Agrivoltaic systems make for the perfect symbiotic relationships on farms. They combine solar panels and farming to provide localized renewable energy while helping shade crops to reduce water usage. The plants also work to cool the solar panels for increased productivity. At one farm in Germany, the practice is demonstrating its efficacy in a real world setting.
Fabian Karthaus inherited a farm from his father in the western German town of Paderborn. Although solar panels have been on the site’s barns and structures for many years, Karthaus, a trained electrical engineer, was curious about how photovoltaic systems could be expanded to increase yield and make the farm more sustainable. After experiencing reduced yields and increased costs due to drought, he decided to give it a shot.
Today, one hectare of Kathaus’ 80 hectare farm is covered with solar panels. The panels generate 640,000 kilowatt hours a year, enough to power 160 households, and underneath, shade-loving blueberries and raspberries thrive. The shaded areas use a quarter of the water of unshaded farmland and the energy generated from the panels is used to operate the farm’s refrigeration and freeze-drying systems. The rest is sold back to the grid.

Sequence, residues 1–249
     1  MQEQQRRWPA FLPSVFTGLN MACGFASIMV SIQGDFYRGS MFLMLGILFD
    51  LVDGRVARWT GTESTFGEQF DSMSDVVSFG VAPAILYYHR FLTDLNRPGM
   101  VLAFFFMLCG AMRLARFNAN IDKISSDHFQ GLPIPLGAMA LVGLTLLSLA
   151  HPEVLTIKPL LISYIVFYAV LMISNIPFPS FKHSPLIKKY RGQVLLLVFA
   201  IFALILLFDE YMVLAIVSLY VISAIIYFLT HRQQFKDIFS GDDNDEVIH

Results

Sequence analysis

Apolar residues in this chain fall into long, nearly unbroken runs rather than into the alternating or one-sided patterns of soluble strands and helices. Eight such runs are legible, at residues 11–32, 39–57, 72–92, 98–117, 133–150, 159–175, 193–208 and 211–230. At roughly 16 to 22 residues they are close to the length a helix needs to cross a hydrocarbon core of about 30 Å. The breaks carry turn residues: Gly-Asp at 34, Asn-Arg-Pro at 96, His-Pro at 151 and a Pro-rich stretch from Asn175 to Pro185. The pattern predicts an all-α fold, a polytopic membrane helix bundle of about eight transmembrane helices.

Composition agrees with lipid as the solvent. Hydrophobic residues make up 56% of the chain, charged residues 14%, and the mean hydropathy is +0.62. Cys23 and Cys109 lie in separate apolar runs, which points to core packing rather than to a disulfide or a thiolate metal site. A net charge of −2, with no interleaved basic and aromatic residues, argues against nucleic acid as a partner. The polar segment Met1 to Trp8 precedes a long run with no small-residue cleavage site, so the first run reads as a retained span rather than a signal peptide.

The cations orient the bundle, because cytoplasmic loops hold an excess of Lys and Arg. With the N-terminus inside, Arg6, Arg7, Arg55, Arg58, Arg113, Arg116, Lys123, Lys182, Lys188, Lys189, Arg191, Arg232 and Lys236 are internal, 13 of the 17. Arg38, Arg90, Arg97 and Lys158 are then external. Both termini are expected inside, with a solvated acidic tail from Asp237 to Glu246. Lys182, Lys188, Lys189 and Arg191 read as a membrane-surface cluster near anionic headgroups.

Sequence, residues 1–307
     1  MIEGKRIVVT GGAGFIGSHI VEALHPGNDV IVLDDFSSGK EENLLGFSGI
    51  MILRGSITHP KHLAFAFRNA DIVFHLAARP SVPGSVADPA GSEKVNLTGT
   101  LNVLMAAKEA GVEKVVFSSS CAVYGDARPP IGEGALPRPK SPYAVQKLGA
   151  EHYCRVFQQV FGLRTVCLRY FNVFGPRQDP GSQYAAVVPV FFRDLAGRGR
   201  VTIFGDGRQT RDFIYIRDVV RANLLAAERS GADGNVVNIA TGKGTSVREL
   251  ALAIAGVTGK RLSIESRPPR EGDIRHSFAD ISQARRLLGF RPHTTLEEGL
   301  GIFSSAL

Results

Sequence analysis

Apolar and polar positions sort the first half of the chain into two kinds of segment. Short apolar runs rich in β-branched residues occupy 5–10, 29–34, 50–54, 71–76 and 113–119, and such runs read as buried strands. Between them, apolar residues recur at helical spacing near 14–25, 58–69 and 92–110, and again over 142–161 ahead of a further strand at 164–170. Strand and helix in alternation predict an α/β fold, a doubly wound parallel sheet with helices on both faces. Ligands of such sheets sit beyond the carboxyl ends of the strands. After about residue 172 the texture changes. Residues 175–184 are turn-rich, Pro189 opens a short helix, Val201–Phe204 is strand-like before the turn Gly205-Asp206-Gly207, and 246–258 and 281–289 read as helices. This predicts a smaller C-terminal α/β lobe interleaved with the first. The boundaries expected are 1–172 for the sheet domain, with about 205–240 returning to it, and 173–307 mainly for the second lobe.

The biggest challenge with agrivoltaics is experimenting with which crops thrive under the panels, but so far, experiments have shown strong results in growing soft fruits, apples, cherries, potatoes, tomatoes, and cucumbers in these systems. In China, the world’s largest agrivoltaic system covers 20 square kilometers and grows goji berries.
Following the success of his small-scale experiment, Kathaus wants to expand his agrivoltaic operations to cover eight to ten hectares with panels. He also hopes that his work will spark a conversation among more farmers in the country about the financial and environmental benefits of these systems.
Image source: DW